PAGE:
Ofcom updates on PSB review

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UK broadcast regulator Ofcom has published a review of how public service broadcasting (PSB) has delivered for UK audiences over a five-year period (2014 – 2018).

The Communications Act 2003 sets out the purposes and objectives of PSB and the television services responsible for their delivery. It also requires Ofcom to periodically review the PSB channels’ performance.

Ofcom’s review – Small Screen: Big Debate – a five-year review of Public Service Broadcasting (2014-18) – assesses the BBC television services, ITV and STV, Channel 4, Channel 5 and S4C, as well as the contribution that other broadcasters, audio and on-demand services have made to the PSB objectives.

Separately, it has also published a five-year review of Channel 4’s performance in meeting its media content duties.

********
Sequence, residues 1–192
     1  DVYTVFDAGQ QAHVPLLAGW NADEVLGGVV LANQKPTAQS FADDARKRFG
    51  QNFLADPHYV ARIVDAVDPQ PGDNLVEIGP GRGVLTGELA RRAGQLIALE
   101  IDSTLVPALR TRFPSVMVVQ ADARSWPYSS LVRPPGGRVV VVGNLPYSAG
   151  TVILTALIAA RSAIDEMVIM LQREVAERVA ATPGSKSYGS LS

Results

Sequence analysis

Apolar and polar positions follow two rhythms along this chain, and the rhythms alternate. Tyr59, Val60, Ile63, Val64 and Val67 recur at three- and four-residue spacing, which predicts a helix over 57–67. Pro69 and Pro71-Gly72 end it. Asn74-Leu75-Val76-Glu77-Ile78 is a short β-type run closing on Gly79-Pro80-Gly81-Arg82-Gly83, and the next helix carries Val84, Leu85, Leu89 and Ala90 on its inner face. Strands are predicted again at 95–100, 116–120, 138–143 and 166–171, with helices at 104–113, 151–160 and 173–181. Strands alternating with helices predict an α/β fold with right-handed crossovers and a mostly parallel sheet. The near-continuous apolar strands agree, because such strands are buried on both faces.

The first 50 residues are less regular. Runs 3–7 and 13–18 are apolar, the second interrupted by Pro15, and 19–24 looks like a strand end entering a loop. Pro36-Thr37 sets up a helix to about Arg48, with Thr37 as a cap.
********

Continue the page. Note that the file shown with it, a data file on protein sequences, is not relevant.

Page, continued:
The review’s publication and supporting data is designed to help inform Ofcom’s wider programme of work on the future of PSB – Small Screen: Big Debate.

Small Screen: Big Debate takes a different approach from Ofcom’s previous PSB reviews.  Its purpose is to provoke a broad and dynamic national conversation involving viewers, the broadcasting industry, Parliament, and regulators about how the benefits of PSB might best be assured for the future.

Ofcom’s document summarises how audiences’ habits and the context for PSB has changed. New research, industry events and an upcoming conference will consider: what PSB should deliver; how it should be delivered and funded; and what regulatory and policy tools may be needed in the future. We are also examining how PSB and the wider broadcasting industry can support a thriving and increasingly diverse UK creative economy.

Separately Ofcom has launched a competition, in partnership with the Financial Times, to encourage young people to contribute to Small Screen: Big Debate by sharing their creative ideas on the future of TV.

For a chance to win a £100 cash prize and see their work published in the FT, Ofcom is calling on students aged 16-18 to submit a blog-post or video on how traditional broadcasters and streaming services can appeal to the audiences of tomorrow.

The deadline for entries is April 9th 2020.


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